In the first part of Thief Skills As Surprise, I forgot to mention an option to scale difficulties when attempting to move silently or hide in shadows. Instead of adding a level-based bonus, change the surprise chance based on opponent’s level.
When hiding from a monster, compare the thief’s level to the level or hit dice of the monster and consult this table:
|Thief vs. Monster||Surprise Roll|
|Thief 4+ levels higher||3+ on 1d6|
|Thief +/-3 levels||4+ on 1d6|
|Thief 4-6 levels lower||5+ on 1d6|
|Thief 7-8 level lower||6+ on 1d6|
|Thief 9+ levels lower||fail to surprise|
The last two rows are optional, but make it easier to adapt monsters that are harder to surprise.
- If a monster lists a lowered surprise chance (“Surprise only on 1 in 6”,) shift the chance down one row on the table.
- If a monster can’t be surprised normally, but you believe high-level thieves should still get a chance, shift the chance down two rows.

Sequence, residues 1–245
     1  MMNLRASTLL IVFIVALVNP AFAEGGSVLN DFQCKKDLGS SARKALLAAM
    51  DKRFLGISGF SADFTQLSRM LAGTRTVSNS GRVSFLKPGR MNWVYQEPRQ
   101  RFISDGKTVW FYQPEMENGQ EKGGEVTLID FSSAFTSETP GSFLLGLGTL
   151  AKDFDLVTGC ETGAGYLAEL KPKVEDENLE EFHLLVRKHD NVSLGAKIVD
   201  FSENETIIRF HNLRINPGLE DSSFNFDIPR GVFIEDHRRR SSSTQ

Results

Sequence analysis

If you feel especially generous, thieves 9+ levels higher than the opponent will automatically succeed.
When using this table, the only modifier to the row is for cover or noise-reduction measures. Even this can be done away with, though: shift up one row for partial cover or any padding/muffling, or up two rows for total cover. I actually prefer this approach to using a level-based bonus.
Note on Surprising Machines: If a thief is trying to hide from a device or anything else that does not have a level or hit dice rating, use the dungeon level as the rating. So, a sound-activated trap on the 5th level can be bypassed a third of the time by even a beginning thief, two-thirds of the time by a 9th-level thief.